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War and Military History

What is the Borodino battle's historical significance?

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November 24, 2009 11:56AM

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The greatest battle in the war of 1812 when Napoleon invaded Russia took place near the village of Borodino Sept. 7th 1812 and resulted in defeat for the French and still classed as a very great victory by the Russian people. Napoleon was thrown back and out of Russia comletely.

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This was a battle of attrition as intended by Kutosov. The French had about 33,000 casualties as opposed to about 44,000 Russian casualties. France's population was large by the standards of the time hence Napoleon's willingness to accept large losses in battle but France went head to head against Russia whose population was much larger and which was also prepared to accept heavy battle casualties. The result was a blood bath with the French getting the worst of the bargain in a relative sense. From that day Kutosov was convinced that he could bleed the Emperor's army to death during the inevitable later retreat from Moscow and he did.
It may be interesting to note that the great 1812 Overture by Pyotr IIyich Tchaikovsky was commisioned to commemorate the Russian defence of Moscow. Famous for its climatic volley of cannon fire and ringing chimes, depicted as a celebration of church bells which pealed across Russia at their deliverance.

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The statement "Russia whose population was much larger" is a completely false statement. France and Russia were the two most heavily populated states of Europe at the time each encompassing over 30 million souls. Napoleon had a large complicated alliance system, which is part of the reason why The Grand Army completely outnumber the Russian Army. The Russian army was not willing to accept huge losses as indicated by the scorched earth policy employed by De Tolly to preserve the Russian Army.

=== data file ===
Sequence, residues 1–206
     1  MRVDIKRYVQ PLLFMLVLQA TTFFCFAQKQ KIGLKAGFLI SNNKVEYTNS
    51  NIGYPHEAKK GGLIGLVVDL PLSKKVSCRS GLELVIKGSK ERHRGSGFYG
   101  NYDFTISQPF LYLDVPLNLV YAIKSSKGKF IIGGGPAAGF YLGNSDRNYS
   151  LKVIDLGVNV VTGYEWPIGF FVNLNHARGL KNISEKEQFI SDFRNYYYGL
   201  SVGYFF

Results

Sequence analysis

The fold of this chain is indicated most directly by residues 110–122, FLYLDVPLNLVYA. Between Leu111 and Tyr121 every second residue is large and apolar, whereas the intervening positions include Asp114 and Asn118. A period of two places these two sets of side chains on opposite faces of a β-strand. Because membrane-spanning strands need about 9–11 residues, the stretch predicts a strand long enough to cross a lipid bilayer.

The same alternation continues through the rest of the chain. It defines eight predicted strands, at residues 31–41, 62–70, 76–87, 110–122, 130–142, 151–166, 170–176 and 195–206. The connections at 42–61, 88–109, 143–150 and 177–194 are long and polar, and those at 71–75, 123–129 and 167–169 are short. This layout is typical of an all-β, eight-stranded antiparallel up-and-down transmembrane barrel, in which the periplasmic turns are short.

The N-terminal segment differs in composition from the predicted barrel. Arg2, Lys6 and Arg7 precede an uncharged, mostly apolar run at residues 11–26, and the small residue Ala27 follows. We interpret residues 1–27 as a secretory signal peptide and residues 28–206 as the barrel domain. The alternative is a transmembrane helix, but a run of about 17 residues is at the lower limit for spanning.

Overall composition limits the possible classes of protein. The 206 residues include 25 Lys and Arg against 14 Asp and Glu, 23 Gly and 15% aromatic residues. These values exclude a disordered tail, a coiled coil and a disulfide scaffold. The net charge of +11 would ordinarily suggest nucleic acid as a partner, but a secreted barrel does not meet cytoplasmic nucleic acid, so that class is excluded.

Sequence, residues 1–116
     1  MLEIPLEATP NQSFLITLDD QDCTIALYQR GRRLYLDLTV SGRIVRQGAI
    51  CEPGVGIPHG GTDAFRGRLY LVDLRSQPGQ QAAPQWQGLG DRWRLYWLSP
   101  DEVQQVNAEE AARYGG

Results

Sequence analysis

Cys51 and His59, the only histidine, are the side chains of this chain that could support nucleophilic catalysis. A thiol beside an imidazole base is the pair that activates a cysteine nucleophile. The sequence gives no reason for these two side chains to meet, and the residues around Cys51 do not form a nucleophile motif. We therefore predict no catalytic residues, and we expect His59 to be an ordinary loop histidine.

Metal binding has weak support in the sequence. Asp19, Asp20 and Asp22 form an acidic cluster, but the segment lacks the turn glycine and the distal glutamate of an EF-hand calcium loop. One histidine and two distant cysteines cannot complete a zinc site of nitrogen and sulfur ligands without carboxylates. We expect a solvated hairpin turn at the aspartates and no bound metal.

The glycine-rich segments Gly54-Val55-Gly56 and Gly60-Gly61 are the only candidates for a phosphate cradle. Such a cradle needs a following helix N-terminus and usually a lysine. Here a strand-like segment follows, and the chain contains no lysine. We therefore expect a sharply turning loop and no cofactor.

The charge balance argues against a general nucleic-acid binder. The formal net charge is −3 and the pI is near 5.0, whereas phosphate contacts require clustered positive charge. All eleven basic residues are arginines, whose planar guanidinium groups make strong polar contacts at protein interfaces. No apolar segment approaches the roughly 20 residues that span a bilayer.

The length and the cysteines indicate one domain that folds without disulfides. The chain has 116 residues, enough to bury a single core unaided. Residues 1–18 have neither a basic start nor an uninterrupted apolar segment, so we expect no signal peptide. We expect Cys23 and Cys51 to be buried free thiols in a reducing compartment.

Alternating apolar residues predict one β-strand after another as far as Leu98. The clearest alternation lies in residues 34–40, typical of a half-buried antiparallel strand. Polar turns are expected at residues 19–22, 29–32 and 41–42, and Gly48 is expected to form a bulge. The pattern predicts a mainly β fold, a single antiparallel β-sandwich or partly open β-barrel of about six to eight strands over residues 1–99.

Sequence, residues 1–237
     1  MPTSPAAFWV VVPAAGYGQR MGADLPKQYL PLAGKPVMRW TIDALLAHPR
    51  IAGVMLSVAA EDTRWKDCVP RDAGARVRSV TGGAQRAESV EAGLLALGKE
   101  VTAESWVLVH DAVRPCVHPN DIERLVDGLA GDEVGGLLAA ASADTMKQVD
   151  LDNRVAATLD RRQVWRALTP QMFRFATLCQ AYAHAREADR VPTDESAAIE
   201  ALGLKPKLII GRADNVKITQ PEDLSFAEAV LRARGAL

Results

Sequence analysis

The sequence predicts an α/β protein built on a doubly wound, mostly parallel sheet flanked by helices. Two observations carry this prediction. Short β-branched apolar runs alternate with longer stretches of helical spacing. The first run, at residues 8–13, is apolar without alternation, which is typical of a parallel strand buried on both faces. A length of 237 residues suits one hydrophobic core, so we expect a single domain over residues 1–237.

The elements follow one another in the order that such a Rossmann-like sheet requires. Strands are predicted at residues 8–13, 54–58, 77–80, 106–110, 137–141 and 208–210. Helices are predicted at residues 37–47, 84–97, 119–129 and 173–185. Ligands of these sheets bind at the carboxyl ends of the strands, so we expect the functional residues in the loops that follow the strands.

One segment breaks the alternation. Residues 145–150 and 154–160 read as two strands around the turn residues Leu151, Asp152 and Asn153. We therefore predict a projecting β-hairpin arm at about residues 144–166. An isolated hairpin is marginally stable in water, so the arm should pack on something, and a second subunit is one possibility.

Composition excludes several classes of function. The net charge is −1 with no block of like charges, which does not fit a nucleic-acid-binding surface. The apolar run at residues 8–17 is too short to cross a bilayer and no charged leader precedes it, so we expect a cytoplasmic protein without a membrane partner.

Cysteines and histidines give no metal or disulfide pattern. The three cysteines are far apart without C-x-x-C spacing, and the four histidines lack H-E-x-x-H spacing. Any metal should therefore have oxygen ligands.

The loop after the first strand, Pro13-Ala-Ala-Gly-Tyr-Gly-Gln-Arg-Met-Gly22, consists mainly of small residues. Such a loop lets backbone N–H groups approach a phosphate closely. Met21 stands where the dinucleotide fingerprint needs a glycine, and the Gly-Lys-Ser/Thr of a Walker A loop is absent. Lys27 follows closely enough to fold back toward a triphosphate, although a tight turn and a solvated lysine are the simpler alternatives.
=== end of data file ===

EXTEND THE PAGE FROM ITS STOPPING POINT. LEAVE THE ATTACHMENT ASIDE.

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Much of Napoleon's strategy for invasions relied on the ability of his armies to forage for food. General Barclay De Tolly of Russia, then overall commander, ordered full retreat to unite the outnumbered Russian Army. He employed a scorched earth policy leaving no forage for the Grand Army. This is very important.

De Tolly was not considered a true Russia and his constant withdrawal made the Tsar very mad and he was replaced with Kutuzov. Kutuzov continued the same policy of retreat and destroy, it wasn't until Borodino that he had enough time to prepare an semblance of a defensive line. The Russians were outnumbered and Napoleon's flair for command allowed the French to drive the Russians from the field. The Russians retreated farther east ward and when Napoleon arrived in Moscow (which was not the capital of Russia, it was St. Petersburg) the mayor had it set fire to. Napoleon realizing the Russians were not going to submit realized he was wasting his time, so he retreated. At this time Kutuzov was able to collect reinforcements and engaged the Grand Army to the point that they were forced to retreat along the same route which they marched in on. This caused many French troops to starve and commit suicide from poor morale as well as surrender. After several disastrous defeats along the retreat the Grand Army was destroyed, and this allowed another Coalition to be formed.

The key significance is it represented the end of Napoleon.